Did you mean to refute the statement? Do you agree or disagree with the statement?
What was your intended point when you then posted the statement? Respectfully, Supposn
I posted, and you quoted my statement, “Eliminating the definite legally enforced minimum wage leaves only an indefinite unenforceable minimum rate that has no definite bottom”.

No definite bottom doesn't mean people will work for $1/hr or that people currently making $10-$19 will see a reduction in earnings.
 

Toddsterpatriot

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ToddsterPatriot, ... I’m confident that it would be less than $3.50 per hour, and I do not care to speculate as what the “bottom” purchasing power would be. ...
If there’s no longer any legally enforced minimum wage rate, you contend no applicant, or statistically effectively no applicant will accept $1 per hour.

If you think some will.....how many? Why?
ToddsterPatriot, my life’s experiences and observation regarding this matter has led to my confidence that figure would be one of less than $3.50 per hour, and I do not care to speculate as what the “bottom” purchasing power would be. Respectfully, Supposn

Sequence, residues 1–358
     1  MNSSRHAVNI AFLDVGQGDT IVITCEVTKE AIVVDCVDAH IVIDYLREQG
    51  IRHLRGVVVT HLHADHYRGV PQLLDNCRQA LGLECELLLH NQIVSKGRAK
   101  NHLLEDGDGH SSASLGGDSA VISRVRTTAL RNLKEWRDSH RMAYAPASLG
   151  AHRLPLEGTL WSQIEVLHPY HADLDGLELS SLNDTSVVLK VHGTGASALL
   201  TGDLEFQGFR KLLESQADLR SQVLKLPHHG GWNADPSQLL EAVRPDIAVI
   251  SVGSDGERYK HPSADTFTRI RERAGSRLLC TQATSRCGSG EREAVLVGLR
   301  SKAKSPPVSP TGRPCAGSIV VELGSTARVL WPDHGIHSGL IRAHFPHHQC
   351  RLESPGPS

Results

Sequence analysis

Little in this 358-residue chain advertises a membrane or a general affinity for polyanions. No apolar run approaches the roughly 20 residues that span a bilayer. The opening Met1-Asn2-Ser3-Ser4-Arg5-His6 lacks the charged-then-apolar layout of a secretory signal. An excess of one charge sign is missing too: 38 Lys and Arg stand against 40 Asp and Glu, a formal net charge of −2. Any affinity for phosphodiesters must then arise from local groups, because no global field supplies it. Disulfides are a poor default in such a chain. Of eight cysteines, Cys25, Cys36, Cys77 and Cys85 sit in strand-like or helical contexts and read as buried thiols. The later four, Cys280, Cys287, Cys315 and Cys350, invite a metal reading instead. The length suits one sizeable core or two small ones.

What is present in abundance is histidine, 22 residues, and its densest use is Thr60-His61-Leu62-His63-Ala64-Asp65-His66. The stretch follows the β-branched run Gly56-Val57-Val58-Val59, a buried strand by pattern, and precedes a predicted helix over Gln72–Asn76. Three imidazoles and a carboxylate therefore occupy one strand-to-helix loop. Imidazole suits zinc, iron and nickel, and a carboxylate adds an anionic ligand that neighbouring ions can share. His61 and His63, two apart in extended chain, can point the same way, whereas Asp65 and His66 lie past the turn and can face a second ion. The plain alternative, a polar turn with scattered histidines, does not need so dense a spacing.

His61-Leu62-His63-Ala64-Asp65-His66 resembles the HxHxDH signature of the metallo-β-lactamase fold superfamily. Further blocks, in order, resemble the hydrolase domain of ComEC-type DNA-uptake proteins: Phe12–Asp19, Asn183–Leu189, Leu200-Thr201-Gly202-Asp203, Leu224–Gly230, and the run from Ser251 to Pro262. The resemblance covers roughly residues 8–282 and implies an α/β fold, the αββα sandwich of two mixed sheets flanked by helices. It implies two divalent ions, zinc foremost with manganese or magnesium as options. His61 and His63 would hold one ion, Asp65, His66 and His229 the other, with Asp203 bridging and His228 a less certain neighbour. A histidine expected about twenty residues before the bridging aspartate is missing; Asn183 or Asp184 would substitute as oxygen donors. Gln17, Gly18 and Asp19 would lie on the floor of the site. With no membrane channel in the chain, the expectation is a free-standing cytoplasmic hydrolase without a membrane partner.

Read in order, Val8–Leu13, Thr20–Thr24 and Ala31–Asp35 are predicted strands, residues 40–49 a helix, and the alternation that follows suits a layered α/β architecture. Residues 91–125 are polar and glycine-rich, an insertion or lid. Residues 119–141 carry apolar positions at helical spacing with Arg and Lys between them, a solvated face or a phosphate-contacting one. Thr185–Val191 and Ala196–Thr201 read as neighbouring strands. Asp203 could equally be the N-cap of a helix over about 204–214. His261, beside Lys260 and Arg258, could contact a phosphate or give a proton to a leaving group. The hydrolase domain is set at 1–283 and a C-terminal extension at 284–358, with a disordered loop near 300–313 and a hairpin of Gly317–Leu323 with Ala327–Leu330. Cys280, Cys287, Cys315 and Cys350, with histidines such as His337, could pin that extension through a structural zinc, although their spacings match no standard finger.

my life’s experiences and observation regarding this matter has led to my confidence that figure would be one of less than $3.50 per hour,

Why? Fast food restaurants in my area were having a hard time filling positions while offering starting salaries nearly 40% over the minimum wage. Why would they decide to cut their offered wage to $3.50 or less?

Do you not understand supply and demand? The demand for $3.50 workers may be very high, but the supply isn't.
 

Toddsterpatriot

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I believe the my arguments and evidence I posted in this thread certainly satisfy civil courts’ standard of a “preponderance of truth”, if not beyond a reasonable doubt
You claimed ending the minimum wage would cause a race to the bottom.
You've provided zero proof.
You can't even prove that a $10/hr worker would be harmed, let alone all workers under $19/hr.
Toddsterpatriot, regarding the justification of minimum wage rate laws, and to our specific points of disagreements: